(UPDATE: Please read the correction above reagrding this post to understand the cross outs.)
I’ve been a Mark Federman fan ever since his great essay “Why Johnny And Janey Can’t Read, and Why Mr. And Ms. Smith Can’t Teach: The challenge of multiple media literacies in a tumultuous time“ from a few years ago, which, if you haven’t read it, would land on my required reading list for anyone interested in this conversation. Federman is with the McLuhan Program in Culture and Technology at the University of Toronto, and he’s one of those people that just pops up from time to time to get me thinking.
His latest pop (Correction: This is actually by Mark Bauerline. Oh, the irony.) is in The Chronicle Review and it’s titled “Online Literacy is a Lesser Kind: Slow reading counterbalances Web skimming.” It’s an interesting recap of some of the online reading studies that have been done by Jakob Nielsen over the years, but it quickly turns to a discussion of why technology has met with mixed (at best) success in the K-12 classroom over the years. In a word, it has to do with reading:
Digitized classrooms don’t come through for an off-campus reason, a factor largely overlooked by educators. When they add laptops to classes and equip kids with on-campus digital tools, they add something else, too: the reading habits kids have developed after thousands of hours with those same tools in leisure time.
In many of my presentations I ask those assembled what percentage of their reading is done online and whether or not they know of anyone who addresses online reading literacies in the classroom. You can probably guess the results: not much, and zero. (Well, almost zero.) Once again, this is one of those areas where the kids are doing it already and the educators in the room don’t have much to go on in terms of what the differences are or any substantial practical experience. Federman Bauerline makes the point that when new technologies enter the classroom, teachers see change. Students, on the other hand, see the status quo:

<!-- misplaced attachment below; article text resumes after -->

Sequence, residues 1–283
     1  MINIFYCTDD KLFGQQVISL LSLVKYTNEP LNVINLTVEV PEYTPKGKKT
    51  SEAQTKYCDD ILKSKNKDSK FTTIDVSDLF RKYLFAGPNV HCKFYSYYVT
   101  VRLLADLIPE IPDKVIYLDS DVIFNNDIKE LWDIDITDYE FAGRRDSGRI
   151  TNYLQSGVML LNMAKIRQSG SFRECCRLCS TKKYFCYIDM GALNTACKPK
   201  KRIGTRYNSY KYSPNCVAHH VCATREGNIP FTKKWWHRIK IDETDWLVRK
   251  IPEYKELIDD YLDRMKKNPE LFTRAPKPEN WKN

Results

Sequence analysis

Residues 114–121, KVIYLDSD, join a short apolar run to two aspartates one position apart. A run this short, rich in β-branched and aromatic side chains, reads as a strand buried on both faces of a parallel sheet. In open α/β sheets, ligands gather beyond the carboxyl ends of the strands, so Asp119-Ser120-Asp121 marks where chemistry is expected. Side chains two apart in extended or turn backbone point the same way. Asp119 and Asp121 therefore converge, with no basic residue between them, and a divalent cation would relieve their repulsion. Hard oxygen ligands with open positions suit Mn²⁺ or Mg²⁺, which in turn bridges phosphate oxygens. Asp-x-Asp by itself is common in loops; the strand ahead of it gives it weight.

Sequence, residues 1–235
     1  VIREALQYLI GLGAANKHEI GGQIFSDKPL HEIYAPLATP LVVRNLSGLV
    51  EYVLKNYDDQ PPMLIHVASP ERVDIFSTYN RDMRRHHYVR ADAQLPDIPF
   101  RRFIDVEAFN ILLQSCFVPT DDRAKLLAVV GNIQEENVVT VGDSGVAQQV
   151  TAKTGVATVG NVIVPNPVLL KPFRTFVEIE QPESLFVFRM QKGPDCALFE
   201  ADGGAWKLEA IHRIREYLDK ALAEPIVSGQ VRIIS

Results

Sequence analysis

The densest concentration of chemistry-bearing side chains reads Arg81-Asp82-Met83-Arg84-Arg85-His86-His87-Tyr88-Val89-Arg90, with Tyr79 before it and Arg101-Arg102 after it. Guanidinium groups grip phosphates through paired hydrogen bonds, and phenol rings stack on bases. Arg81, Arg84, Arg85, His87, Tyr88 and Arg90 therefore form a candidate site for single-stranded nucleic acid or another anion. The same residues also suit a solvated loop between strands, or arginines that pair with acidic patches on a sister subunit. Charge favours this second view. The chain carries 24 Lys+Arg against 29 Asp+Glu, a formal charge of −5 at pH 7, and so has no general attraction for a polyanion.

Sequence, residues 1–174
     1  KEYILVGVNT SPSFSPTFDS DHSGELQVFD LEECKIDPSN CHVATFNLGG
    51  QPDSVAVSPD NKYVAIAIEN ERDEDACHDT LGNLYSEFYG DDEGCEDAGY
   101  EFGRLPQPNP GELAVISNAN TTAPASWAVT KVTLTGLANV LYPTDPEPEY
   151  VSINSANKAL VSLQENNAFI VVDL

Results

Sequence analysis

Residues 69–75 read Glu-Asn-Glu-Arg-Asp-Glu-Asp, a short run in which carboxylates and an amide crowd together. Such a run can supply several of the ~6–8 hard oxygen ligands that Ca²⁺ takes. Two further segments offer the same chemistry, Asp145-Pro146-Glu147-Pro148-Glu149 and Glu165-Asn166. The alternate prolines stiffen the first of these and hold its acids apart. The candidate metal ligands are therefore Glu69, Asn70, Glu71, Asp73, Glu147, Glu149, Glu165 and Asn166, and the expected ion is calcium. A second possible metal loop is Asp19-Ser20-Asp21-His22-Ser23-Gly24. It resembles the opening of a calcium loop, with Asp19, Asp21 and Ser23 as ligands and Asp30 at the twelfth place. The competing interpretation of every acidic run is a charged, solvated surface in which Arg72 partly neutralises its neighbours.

Educators envision a whole new pedagogy with the tools, but students see only the chance to extend long-established postures toward the screen. If digitized classrooms did pose strong, novel intellectual challenges to students, we should see some pushback on their part, but few of them complain about having to learn in new ways.
For some reason, probably because I was a former English teacher, I reflect on this whole reading is changing discussion a lot. Probably 75% of what I read I read online. The other 25% is almost all books. I read all of my news from papers, magazines, etc. online, all of my correspondence, all of the blogs that I follow. And, as I’ve written before, my reading habits have changed a great deal. It has become an effort for me to work with longer texts, to do sustained reading and thinking, to stick with complex narratives.
Federman Bauerline argues that screen reading cannot provide those skills, and he argues it persuasively.
We must recognize that screen scanning is but one kind of reading, a lesser one, and that it conspires against certain intellectual habits requisite to liberal-arts learning. The inclination to read a huge Victorian novel, the capacity to untangle a metaphor in a line of verse, the desire to study and emulate a distant historical figure, the urge to ponder a concept such as Heidegger’s ontic-ontological difference over and over and around and around until it breaks through as a transformative insight — those dispositions melt away with every 100 hours of browsing, blogging, IMing, Twittering, and Facebooking. The shape and tempo of online texts differ so much from academic texts that e-learning initiatives in college classrooms can’t bridge them. Screen reading is a mind-set, and we should accept its variance from academic thinking.
This resonates. In fact, I’ve made myself take time over the last few months to read longer texts, and after plowing through three really, really engaging and challenging novels in the past month or so, I’m feeling like my brain is back in gear somehow. It’s getting closer to balance.
What continues to concern me, though, is the paucity of conversation about any of this in our schools. This is hugely complex, and it requires a strategy and good pedagogy. I feel almost blessed that my kids enjoy reading books, longer novels, Meg Cabot and Mike Lupica type stuff that are even above their age levels a bit. And I love talking to them about what they read. But as I watch Tucker search for and read helps and hints about Spore, I can see the difference. It’s not bad, but it is different. And it’s a difference we need to name.
Sorry, the comment form is closed at this time.